If you're one of the millions of people in the UK dealing with anxiety, you may be looking for a natural way to find relief. Magnesium taurate is a food supplement that's often touted for its ability to reduce anxiety and promote calmness. But does it really work? Let's take a closer look at the science behind magnesium taurate to see if it lives up to the hype.
What Is Magnesium Taurate?
Magnesium taurate is a compound made up of magnesium and the amino acid taurine. Magnesium is a natural mineral that's involved in hundreds of biochemical reactions in the body, including muscle contraction, nerve function, blood sugar regulation, and blood pressure control. Taurine is an amino acid that plays a role in cardiovascular health and nervous system function.
It's theorised that taurine helps magnesium enter the brain more effectively and could partly explain the high potential for magnesium taurate as a anxiety-supporting compound.
How Does Magnesium Taurate Support Anxiety?
Magnesium plays a role in biochemical reactions involving neurotransmitters like serotonin. Serotonin is a chemical that helps regulate mood and emotional balance. Low levels of serotonin have been linked to depression and anxiety. Because magnesium helps regulate serotonin levels, it stands to reason that magnesium supplementation could help relieve anxiety.
In addition to its role in regulating neurotransmitter levels, magnesium also helps to reduce stress hormones like cortisol. Cortisol is often referred to as the "stress hormone" because it's released in response to stress. High levels of cortisol have been linked to anxiety, so by reducing cortisol levels, magnesium can help to reduce anxiety.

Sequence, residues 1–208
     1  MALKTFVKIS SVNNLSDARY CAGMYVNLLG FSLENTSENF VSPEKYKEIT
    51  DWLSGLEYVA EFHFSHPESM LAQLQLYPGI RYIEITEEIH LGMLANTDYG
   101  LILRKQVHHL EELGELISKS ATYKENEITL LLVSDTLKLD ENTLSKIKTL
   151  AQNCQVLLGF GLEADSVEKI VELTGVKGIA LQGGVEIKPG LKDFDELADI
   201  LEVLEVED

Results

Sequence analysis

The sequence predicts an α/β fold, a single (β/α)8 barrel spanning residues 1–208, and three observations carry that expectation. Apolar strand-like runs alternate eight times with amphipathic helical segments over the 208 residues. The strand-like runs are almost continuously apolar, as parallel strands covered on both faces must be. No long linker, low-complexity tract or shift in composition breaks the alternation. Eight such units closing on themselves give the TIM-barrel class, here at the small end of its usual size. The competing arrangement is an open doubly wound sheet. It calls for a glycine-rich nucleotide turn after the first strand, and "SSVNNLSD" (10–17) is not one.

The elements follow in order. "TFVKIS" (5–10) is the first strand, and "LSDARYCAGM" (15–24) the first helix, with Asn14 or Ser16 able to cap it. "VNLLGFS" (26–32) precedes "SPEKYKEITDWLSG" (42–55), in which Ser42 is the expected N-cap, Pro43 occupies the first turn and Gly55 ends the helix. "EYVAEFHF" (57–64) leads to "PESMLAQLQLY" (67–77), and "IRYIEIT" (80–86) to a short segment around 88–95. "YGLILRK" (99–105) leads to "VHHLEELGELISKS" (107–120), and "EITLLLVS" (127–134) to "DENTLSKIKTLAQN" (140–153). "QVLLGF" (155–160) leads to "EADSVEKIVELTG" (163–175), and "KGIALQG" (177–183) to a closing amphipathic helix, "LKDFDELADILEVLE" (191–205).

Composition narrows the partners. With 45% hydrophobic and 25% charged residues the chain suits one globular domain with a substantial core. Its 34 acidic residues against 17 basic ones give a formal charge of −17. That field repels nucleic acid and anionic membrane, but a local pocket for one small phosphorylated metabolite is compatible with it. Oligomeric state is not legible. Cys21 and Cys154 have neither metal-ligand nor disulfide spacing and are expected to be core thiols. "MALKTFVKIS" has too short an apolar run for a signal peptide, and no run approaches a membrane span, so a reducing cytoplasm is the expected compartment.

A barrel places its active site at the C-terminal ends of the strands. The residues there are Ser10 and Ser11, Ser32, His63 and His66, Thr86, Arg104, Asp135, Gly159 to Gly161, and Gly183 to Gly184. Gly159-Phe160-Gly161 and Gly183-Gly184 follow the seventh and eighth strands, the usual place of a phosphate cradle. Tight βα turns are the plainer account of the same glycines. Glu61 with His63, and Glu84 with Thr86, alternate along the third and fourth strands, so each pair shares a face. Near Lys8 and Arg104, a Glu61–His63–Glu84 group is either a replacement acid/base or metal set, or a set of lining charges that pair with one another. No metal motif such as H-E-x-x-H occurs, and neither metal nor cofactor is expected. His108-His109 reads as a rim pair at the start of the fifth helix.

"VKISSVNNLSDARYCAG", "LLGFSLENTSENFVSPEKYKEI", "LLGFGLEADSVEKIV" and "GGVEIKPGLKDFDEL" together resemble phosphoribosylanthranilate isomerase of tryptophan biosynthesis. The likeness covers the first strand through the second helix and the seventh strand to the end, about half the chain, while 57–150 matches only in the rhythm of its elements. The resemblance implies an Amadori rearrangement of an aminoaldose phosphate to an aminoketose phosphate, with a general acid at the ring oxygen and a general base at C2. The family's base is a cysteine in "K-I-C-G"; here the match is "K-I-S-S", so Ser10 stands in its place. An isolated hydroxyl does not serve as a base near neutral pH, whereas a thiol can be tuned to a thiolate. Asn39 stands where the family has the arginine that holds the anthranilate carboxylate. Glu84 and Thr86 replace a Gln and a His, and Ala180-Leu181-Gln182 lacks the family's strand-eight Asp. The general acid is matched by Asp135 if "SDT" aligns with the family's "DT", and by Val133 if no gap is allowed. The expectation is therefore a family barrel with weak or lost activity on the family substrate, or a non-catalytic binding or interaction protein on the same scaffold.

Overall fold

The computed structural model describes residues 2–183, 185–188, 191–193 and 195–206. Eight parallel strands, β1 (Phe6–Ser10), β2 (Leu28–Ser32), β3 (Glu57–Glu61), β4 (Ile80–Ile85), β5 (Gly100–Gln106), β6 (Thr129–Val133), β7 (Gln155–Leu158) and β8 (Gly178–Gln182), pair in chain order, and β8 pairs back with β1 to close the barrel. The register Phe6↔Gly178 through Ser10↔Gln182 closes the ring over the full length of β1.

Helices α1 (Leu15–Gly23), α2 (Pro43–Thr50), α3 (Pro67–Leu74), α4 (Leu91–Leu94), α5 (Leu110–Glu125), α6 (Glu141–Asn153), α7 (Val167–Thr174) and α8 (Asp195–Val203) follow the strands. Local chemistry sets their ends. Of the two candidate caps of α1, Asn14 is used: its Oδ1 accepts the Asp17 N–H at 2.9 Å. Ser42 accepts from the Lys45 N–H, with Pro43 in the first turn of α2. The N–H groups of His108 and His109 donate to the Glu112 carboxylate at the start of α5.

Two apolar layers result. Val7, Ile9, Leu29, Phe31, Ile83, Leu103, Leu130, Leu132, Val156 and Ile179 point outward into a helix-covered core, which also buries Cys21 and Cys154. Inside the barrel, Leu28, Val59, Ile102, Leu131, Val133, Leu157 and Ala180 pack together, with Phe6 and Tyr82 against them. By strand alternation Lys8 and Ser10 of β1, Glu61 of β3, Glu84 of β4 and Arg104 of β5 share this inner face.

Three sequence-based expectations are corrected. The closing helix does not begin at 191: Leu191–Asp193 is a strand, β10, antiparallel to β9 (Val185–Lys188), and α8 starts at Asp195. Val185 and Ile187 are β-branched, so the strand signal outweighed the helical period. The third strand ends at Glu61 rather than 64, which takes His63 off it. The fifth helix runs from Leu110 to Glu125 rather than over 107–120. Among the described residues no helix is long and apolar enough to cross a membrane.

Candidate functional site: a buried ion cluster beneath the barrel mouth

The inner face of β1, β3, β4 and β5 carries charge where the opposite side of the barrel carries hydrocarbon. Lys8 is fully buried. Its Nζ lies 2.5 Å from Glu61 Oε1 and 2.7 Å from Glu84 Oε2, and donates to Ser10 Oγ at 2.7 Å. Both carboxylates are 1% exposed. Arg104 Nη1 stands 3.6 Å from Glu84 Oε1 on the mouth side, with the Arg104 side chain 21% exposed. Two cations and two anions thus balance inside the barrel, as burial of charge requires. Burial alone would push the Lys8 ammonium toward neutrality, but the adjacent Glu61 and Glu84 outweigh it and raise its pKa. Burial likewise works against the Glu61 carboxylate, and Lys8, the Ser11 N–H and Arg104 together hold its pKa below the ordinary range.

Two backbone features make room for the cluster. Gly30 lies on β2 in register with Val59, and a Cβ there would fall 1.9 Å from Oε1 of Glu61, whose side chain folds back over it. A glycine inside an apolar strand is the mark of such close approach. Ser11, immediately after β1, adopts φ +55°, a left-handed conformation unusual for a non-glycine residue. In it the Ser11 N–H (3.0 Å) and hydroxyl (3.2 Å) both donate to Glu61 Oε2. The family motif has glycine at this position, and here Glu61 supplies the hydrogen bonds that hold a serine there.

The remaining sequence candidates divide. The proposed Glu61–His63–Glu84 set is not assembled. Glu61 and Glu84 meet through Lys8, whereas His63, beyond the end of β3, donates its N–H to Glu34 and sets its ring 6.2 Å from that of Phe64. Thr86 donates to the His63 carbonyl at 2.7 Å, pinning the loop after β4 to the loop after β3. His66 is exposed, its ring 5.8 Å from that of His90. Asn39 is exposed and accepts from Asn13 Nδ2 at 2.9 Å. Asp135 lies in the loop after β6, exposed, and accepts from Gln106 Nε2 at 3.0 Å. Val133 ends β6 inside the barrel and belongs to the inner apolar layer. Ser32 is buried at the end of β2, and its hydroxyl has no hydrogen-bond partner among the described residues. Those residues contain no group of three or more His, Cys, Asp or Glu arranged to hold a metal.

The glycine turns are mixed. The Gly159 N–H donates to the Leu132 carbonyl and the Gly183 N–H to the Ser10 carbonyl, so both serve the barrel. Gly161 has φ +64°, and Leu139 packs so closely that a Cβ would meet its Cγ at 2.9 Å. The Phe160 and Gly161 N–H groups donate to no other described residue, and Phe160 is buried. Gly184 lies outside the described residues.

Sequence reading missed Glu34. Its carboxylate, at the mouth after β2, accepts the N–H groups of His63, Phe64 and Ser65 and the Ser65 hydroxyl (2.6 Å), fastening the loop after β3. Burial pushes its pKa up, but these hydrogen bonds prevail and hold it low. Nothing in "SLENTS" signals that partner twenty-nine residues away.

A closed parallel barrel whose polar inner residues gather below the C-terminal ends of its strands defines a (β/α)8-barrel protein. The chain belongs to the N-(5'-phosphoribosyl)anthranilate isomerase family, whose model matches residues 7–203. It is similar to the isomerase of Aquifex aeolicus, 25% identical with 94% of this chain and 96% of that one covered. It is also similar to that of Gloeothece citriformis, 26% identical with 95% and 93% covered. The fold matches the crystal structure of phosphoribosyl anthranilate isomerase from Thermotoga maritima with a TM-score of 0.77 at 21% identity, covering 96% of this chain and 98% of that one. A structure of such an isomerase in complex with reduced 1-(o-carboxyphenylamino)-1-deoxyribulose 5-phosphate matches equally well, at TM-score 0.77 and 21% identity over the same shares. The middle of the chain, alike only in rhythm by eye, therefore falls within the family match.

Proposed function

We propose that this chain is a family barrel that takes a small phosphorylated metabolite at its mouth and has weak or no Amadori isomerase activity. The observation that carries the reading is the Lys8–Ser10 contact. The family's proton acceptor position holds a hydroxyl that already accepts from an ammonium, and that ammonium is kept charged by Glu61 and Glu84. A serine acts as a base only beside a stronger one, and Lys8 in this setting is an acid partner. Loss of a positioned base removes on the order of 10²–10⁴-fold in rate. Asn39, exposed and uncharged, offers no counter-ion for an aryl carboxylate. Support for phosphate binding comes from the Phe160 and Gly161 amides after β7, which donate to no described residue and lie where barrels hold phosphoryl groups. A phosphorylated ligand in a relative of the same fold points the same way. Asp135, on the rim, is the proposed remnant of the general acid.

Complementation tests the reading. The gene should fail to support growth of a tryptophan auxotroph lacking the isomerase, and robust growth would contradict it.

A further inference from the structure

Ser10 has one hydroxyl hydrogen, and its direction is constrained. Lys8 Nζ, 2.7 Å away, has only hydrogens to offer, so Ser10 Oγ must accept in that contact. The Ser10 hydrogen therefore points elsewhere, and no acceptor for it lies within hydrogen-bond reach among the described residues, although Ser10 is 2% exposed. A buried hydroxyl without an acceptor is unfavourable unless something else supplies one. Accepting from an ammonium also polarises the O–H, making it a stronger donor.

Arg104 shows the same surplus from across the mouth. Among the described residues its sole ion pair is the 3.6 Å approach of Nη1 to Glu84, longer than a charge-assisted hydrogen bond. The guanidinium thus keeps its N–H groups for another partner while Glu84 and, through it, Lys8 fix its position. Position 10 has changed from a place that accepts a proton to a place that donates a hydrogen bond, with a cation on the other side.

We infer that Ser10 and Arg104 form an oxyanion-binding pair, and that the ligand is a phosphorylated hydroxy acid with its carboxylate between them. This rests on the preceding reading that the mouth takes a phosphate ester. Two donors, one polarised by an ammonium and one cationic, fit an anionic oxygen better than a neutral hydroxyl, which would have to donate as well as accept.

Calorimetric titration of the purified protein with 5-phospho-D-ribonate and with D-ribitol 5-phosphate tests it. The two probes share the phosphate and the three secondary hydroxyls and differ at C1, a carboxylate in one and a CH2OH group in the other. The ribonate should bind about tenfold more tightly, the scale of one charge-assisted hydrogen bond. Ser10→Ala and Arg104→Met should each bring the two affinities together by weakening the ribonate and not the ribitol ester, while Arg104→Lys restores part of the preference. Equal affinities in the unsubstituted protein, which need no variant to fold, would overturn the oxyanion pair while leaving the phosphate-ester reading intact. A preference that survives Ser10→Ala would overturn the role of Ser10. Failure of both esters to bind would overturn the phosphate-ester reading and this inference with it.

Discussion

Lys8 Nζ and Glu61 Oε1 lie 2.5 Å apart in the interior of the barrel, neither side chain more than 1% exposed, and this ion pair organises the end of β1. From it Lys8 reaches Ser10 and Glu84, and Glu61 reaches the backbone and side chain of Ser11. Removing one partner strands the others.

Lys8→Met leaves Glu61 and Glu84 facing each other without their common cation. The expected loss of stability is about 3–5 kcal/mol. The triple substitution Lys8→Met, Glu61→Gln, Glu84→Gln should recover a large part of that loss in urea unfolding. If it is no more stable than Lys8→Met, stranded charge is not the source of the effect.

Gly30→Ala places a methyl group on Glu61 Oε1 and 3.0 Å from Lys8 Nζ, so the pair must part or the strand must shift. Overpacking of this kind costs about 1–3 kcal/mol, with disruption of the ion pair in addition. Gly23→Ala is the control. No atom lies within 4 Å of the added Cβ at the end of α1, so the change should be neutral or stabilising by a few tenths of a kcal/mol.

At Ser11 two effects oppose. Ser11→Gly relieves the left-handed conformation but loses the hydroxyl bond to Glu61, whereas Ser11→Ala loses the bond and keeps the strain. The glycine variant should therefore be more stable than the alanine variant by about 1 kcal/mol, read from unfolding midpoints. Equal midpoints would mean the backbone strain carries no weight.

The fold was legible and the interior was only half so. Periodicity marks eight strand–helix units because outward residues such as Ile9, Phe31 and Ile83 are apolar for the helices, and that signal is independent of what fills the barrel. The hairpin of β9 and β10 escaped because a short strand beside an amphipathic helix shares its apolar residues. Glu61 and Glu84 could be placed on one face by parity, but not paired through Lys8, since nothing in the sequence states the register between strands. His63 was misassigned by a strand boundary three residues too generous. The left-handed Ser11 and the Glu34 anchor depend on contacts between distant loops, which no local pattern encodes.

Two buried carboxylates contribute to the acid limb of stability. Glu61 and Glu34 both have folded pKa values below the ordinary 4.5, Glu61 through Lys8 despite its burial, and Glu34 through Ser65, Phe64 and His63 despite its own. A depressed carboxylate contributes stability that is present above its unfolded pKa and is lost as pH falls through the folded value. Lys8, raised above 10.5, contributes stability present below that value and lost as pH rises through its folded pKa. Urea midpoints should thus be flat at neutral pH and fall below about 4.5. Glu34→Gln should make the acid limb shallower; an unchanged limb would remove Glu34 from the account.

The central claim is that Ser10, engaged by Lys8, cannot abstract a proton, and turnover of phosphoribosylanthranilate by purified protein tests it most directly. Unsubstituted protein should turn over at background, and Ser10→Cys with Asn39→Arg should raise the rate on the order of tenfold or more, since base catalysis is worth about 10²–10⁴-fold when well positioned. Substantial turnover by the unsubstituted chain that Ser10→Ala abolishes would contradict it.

Taurine also plays a key role in regulating a neurotransmitter called GABA (γ-Aminobutyric acid). GABA has a primary function of reducing excitability of the nervous system and low levels have been associated with anxiety disorders (1). Taurine can potentially help to normalise GABA levels by binding to GABA receptors as shown in the diagram below (2).
What Does the Research Say?
There are some studies which suggest magnesium and taurine may help with anxiety but further research is needed (3, 4). Anecdotally many user experience improvements in anxiety and sleep but scientific research is required to confirm these effects. Regardless, magnesium taurate is a safe and effective compound and is therefore a low-risk product to trial.
If deficient in magnesium it can take up to 40 weeks to fully replenish levels so it's important to be patient when considering magnesium supplementation (5).
While research on magnesium taurate is limited, there is some evidence to suggest that magnesium and taurine may help to relieve symptoms of anxiety. If you'd like to learn more about magnesium taurate click here.
1. Anxiety disorders and GABA neurotransmission: a disturbance of modulation. Neuropsychiatr Dis Treat. 2015; 11: 165–175.
2. Taurine Supplementation as a Neuroprotective Strategy upon Brain Dysfunction in Metabolic Syndrome and Diabetes. Nutrients 2022, 14(6), 1292.
3. The effects of magnesium supplementation on subjective anxiety. Magnesium Research. 2016 Mar 1;29(3):120-125.
4. Taurine Partially Improves Abnormal Anxiety in Taurine-Deficient Mice. Adv Exp Med Biol. 2019;1155:905-921.
5. Chronic magnesium deficiency and human disease; time for reappraisal? QJM: An International Journal of Medicine, 111 (11), November 2018, Pages 759–763.